Abby tends to say the same prayer each time it is "her turn" to pray. We could be sitting down for dinner or praying before bedtime, but her prayer will always go something along these lines:

"Thank you God for this day. Thank you for this day. Thank you for Mommy and Daddy and Caleb. Thank you for Grandma and Grandpa and Amy and Kevin. Thank you for Grammie (she stresses it to show the difference in grandmas) and Grandpa and Uncle Billy. Thank you for all my friends and family. Thank you for everything. Amen."

The last couple of days she has been throwing in new lines, which always surprises us. Last night, while eating dinner with friends, she made sure she thanked God "for Mike and Mrs. Woods." Tonight, while praying at bedtime, she decided to express her deep appreciation for Grandpa's cows (even though she thinks they are quite large and smelly when she is actually around them). My favorite was earlier this week when she prayed for God to heal my eye (which felt better by the next morning).

Even though these are just small sentences, they mean the world to me. It shows me she is starting to understand prayer. Instead of sticking with her normal routine of what to thank God for, she is actually thinking about specific things and people while talking with God. It is a nice reminder to me, who as an adult, easily gets caught up in the routine of my daily faith. May I remember to thank God for all the details and not just the big things I always speak of.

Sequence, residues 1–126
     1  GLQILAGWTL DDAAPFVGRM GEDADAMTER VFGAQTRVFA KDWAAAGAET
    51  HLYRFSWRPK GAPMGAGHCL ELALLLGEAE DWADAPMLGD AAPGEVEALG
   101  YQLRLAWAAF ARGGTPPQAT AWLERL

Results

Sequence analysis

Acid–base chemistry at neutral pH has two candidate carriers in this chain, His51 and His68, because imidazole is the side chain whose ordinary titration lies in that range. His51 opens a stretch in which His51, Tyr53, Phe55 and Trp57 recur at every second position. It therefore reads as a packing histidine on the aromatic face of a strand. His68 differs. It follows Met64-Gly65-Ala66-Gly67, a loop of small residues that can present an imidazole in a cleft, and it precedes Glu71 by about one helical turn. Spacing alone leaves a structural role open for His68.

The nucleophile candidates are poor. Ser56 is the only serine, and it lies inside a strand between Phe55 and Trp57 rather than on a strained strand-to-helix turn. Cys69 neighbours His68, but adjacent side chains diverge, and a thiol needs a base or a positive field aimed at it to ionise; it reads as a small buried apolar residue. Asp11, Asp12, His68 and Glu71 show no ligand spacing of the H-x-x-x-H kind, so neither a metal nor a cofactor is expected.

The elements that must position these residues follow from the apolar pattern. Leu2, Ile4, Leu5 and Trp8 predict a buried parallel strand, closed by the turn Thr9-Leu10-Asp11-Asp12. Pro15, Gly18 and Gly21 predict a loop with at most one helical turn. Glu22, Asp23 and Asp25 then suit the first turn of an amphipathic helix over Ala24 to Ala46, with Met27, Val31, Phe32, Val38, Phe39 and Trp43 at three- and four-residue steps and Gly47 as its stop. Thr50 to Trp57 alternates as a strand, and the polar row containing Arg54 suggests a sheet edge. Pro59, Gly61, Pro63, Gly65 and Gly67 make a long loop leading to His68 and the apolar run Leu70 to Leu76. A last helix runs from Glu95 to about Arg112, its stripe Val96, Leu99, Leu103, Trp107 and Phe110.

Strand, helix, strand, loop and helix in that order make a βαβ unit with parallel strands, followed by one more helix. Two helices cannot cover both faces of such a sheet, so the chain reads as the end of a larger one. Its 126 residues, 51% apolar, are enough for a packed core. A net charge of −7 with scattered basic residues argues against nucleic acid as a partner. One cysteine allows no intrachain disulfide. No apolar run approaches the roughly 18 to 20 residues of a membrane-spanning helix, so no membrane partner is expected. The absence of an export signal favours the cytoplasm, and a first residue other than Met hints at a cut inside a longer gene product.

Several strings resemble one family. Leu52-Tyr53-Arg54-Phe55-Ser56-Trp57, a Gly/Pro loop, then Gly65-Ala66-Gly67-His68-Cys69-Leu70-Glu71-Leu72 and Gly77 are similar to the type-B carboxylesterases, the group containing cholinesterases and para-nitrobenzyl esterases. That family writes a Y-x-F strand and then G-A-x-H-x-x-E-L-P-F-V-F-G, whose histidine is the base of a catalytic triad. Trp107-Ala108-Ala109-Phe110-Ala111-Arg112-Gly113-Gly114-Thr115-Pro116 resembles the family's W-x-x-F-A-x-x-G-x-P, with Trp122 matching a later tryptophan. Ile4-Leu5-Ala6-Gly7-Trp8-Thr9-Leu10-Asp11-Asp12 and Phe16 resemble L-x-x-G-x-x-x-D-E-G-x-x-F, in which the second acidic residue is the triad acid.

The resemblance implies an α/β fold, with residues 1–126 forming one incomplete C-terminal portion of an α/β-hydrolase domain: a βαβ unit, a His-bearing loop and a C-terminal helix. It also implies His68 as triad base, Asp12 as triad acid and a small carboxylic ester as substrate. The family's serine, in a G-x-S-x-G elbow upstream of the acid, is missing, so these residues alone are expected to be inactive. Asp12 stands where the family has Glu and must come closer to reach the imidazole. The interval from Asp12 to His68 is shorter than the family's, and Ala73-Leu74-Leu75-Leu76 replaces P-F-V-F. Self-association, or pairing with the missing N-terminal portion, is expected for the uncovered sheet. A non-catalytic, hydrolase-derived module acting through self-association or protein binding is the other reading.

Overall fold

Friday, June 20, 2008

Attack of the Cicadas

I believe cicadas only come out of the ground in various areas every 13 or 17 years, depending on their type. So, you would think the odds of actually having to deal with them is every 13 or 17 years. Unless you are like me and just happen to move every few years exactly where they are popping up next. I have had to deal with them in Pennsylvania and Ohio. This year they decided to come out of the ground in our backyard.

If you have not had to deal with them, lucky you. They are so loud you can hear them all through the house, even with the windows shut, the air conditioner running, and two loud toddlers running around the house. I can even deal with the sounds-one just gets used to them. After awhile, however, they become brave and start creeping closer and closer to the house so that while we are playing in the backyard, we start getting attacked. They are not harmful, but it is quite annoying to have them get stuck in your hair and start buzzing.